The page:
June 11 (Bloomberg) — George W. Bush’s administration is in its dying days and won’t be able to harm Iran, the Islamic Republic’s president, Mahmoud Ahmadinejad, said.
“It’s Bush’s dream to harm Iran’s nation,” Ahmadinejad said today during a televised speech in the western Iranian city of Shahre Kord. ``You thought you would be able to do something but your term came to an end and you will not be capable of harming even 1 centimeter of Iran’s sacred land.”
The U.S. has led the push for international sanctions to punish Iran for flouting United Nations demands for a halt to its nuclear program. The U.S. has accused Iran of seeking to build an atomic weapon, while Ahmadinejad’s government says the work is designed to fuel power stations.
( Didn’t Bush say the same right before invading Iraq? – The Infinite Unknown)
“All options are on the table, and my first choice is to solve this diplomatically,” Bush said today at a news conference with German Chancellor Angela Merkel following talks at Schloss Meseberg, a government guesthouse about 70 kilometers (44 miles) north of Berlin. “If they choose to continue to be obstinate, there will be additional sanctions.”
Deterring Iran’s nuclear ambitions is the focus of Bush’s weeklong farewell trip to Europe. He travels to Rome later today and will also make stops in Paris and London.
`Will Not Retreat’
Iran won’t stop its nuclear work, Ahmadinejad stressed.
``You think that you can force the Iranian nation to back down from its legitimate rights through threats and pressures,” Iran’s state-run Islamic Republic News Agency cited Ahmadinejad as saying today in another speech, in the western town of Sefid Dasht. He added, “The Iranian nation will not retreat even 1 inch.”
Bush, who has seven months remaining in office, won backing yesterday from the European Union for tighter sanctions against Iranian banks, another step aimed at hampering Iran’s ability to build nuclear weapons. European Commission President Jose Barroso, meeting with Bush in Slovenia, agreed to take “additional measures” to ensure that Iranian banks cannot abuse the international banking system to support “proliferation and terrorism.”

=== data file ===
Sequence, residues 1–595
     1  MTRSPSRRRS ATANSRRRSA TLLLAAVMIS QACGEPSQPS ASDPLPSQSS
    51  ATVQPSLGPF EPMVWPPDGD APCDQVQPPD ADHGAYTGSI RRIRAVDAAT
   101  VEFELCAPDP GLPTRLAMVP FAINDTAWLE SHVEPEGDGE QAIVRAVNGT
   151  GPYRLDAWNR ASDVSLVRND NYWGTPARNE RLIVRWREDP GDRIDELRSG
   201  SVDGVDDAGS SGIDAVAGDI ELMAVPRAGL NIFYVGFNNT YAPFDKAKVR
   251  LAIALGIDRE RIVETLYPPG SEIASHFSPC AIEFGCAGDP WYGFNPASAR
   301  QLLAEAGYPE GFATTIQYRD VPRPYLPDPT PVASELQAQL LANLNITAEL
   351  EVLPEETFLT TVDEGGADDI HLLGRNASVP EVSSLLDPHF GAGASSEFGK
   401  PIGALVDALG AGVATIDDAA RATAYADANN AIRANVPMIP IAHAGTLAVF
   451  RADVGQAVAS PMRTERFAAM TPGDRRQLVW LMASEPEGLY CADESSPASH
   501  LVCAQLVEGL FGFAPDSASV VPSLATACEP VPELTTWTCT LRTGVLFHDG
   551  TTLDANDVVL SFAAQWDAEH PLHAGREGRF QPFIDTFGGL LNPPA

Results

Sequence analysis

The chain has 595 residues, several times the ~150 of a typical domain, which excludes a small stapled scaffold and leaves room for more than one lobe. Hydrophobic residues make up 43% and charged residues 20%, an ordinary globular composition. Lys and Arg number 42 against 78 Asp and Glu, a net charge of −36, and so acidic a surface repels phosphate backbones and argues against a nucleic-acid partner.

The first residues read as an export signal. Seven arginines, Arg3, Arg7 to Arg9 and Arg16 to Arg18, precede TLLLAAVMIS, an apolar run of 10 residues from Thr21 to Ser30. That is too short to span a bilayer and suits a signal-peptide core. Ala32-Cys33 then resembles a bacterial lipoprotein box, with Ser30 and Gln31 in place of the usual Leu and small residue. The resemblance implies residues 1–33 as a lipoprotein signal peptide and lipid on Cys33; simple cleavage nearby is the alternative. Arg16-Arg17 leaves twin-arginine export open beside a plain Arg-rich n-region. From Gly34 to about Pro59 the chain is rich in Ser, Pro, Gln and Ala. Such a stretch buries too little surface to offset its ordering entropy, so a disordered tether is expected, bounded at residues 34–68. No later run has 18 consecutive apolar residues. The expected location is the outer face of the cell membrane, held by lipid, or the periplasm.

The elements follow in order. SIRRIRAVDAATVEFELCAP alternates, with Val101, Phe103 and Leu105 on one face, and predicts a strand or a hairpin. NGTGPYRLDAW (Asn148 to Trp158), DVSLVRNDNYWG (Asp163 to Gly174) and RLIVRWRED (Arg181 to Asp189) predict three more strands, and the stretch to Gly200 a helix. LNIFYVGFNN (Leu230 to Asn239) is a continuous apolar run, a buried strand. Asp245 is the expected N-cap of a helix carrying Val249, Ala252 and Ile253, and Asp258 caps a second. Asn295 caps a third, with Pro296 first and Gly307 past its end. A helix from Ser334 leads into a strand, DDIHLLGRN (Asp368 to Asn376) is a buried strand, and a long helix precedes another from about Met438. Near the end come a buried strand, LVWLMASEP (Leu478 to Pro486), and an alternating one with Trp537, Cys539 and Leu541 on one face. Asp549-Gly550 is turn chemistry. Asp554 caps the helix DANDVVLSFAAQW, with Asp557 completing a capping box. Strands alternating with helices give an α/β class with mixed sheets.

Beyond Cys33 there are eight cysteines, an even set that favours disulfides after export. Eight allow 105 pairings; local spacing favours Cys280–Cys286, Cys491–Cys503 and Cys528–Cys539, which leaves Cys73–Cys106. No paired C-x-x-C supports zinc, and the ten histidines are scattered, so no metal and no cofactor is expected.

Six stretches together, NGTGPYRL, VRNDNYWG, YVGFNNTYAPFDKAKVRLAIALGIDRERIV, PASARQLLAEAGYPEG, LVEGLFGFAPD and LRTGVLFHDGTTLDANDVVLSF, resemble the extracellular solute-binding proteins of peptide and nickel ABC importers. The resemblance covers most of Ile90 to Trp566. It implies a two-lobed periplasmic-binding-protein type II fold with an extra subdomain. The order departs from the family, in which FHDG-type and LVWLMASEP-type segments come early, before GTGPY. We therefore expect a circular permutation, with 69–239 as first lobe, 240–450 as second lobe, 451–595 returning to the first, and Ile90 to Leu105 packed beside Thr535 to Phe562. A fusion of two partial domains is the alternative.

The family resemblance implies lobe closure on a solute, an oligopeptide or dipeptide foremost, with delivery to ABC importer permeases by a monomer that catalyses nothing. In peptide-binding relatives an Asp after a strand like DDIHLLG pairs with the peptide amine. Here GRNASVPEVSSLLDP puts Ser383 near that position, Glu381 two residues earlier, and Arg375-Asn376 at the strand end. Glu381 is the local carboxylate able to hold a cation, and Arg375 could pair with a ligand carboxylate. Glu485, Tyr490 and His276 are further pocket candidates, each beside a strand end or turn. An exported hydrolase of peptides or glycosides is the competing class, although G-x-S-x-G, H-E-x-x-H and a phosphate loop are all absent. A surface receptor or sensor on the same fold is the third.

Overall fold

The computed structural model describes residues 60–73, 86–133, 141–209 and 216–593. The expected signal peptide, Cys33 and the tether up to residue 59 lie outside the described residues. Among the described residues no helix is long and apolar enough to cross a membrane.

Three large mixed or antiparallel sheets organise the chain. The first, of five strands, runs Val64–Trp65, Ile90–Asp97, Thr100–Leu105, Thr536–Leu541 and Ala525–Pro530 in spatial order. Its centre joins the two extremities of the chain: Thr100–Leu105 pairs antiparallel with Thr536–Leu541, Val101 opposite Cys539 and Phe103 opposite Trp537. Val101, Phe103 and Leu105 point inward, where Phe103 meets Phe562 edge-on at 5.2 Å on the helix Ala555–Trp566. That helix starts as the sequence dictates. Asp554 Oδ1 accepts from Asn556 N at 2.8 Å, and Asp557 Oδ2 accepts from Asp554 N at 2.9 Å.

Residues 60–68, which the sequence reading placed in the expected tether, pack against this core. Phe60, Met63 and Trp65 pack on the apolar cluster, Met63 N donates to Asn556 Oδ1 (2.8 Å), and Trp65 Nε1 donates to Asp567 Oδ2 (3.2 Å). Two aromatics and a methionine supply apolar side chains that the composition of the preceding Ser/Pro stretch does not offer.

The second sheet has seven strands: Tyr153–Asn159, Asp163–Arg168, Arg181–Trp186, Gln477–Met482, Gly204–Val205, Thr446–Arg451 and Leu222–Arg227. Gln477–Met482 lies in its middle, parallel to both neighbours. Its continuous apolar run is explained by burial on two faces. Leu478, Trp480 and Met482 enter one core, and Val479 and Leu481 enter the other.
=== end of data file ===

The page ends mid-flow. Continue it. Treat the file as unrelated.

Iran with a nuclear weapon “would be incredibly dangerous for world peace,” Bush said yesterday following the Slovenia talks. “They can either face isolation or they can have a better relationship with all of us.”
EU and U.S. leaders talked about freezing Iranian bank assets, though the measures must be agreed on by foreign ministers of the 27-nation bloc, according to EU External Relations Commissioner Benita Ferrero-Waldner, who was at the Slovenia meeting.
EU foreign policy chief Javier Solana will visit Tehran at the weekend to present the government there with a new package of incentives to persuade it to halt uranium enrichment. The trip will be the latest step in three years of negotiations with Iran, adding momentum to Western efforts to prevent the Islamic cleric- run regime from building nuclear weapons.
Earlier this week, Iranian Defense Minister Mostafa Mohammad Najjar warned there would be a “painful response” to any attack on his country by Israel, the Associated Press reported, citing the state-run Islamic Republic News Agency.
Najjar was responding to comments by Israeli Transportation Minister Shaul Mofaz, who said in an interview published by the Yediot Ahronot newspaper that Israel will have to attack if Iran continues with its nuclear-development program.
The comments by Mofaz, a possible contender for the post of prime minister, were denounced as “foolish” by Najjar.
To contact the reporter on this story: Ladane Nasseri in Tehran at firstname.lastname@example.org .
Last Updated: June 11, 2008 10:11 EDT
By Ladane Nasseri